EDIT1: Well based on your further inputs, here is my more thoughts: Message security namely encryption and signature needs to happen each message travels between server and client. where as message authentication- you intend to do once and give a session token/auth token to client for subsequent calls.

Question still remains: if you put a unique session Identifier in SOAP response of first time authentication, do you expect client to parse SOAP response XML and ensure that client should send you session identifier each time in subsequent SOAP requests. OR You want to keep session management transparent to client and for client it needs to send username/password token first time and subsequent calls need not require any username/password token. In this case you would need to rely on transport based session management for e.g. HTTP cookies

Now what is the best for you depends upon your use case. Can you tell me what is expected use case flow? how another system (web service client) makes more than one service call to your system? Is another system user driven/some background process? What is exact need that you want only first service call to go through authentication process not subsequent calls?

PS: Glassfish server provides a way of configuring message authentication provider which automatically enables/disables message level authentication.

EDIT2: I understand you do not want to store user credentials in client app and web service server need those user credentials. OAuth is open standard protocol which allows site A to access user's private data on site B. Ultimate idea is site A gets auth token which has specific expiry time. So Token containing encrypted from of user credentials or jsession id help you avoid need of re-authentication. You only need to decide where you want to keep token at client app side You can keep token as cookie if transport is HTTP protocol.

Having said that ofcourse passing user credentials each time seems bit easier and straight forward.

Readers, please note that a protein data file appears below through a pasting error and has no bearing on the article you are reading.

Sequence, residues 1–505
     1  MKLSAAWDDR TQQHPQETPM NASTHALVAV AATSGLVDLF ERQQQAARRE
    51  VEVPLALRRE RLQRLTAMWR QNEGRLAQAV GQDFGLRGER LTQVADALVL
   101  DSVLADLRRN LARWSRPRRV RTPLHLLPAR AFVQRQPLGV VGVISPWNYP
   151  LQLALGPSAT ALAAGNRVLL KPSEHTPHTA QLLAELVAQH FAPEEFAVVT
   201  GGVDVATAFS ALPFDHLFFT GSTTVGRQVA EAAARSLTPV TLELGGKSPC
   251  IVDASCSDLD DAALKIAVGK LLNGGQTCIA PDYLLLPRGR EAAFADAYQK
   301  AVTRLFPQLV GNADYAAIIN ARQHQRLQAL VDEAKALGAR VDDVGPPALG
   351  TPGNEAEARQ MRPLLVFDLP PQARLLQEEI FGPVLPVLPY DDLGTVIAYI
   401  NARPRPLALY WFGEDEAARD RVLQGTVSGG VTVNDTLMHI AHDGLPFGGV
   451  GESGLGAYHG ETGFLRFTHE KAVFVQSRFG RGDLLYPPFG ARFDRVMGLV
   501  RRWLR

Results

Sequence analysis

share|improve this answer
thanks for your help. I updated my question. – lpinto.eu Oct 10 '11 at 22:52
@Luis P: updated more information & queries:) – ag112 Oct 11 '11 at 5:38
Clients will use various services. My idea about a single time authentication, was to allow the client app to ask the user for the credentials, and don't need to store it. Something like OAuth (I thinks). But maybe could be easer to send the username/password in every call, and incorporate this in the message level security. – lpinto.eu Oct 12 '11 at 15:22
@Luis P: updated more information – ag112 Oct 12 '11 at 17:11
The main goal is the message level security, so I think for this I must abdicate the single time authentication, and have the client to send every time the user credentials in the SOAP header. – lpinto.eu Oct 12 '11 at 23:22
up vote 2 down vote accepted

After all the help, I create this answer to simplify, and summarize all the ideas that was discussed.

The questions has 2 requisites:

  • Message level security;
  • One time authentication.

With ag112 help, this is hard to do, or to elegant in any way. So here are to conclusions:

  • For message level security send the user credentials every time (place it in SOAP header);
  • For one time authentication use transport level security, and do a session management.

I prefer the first one, because the message level was the biggest requisite.

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You can also go for OpenEJB.

It used JAAS with WS-Security.

I hope the link is useful.

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As had no answers, following @unhillbilly advise, I answer my own question, with the progress so far:

How to know the name of the web method being called;

Using a SOAP handler, finding the name of the first element in the body.

What kind of token should I use;

I decide to use a 128 bits token, representing each session. The Webservices, continue to be session-less, the key is just for authorizations purposes.

How to pass this token between calls.

For the login web method the result has the token, in each subsequent calls, the token is a parameter.

is there a better answer?

share|improve this answer
You can store the token in your message header no need to pollute the API with not relevant parameters. That is how most of the frameworks handle this – mericano1 Oct 11 '11 at 14:37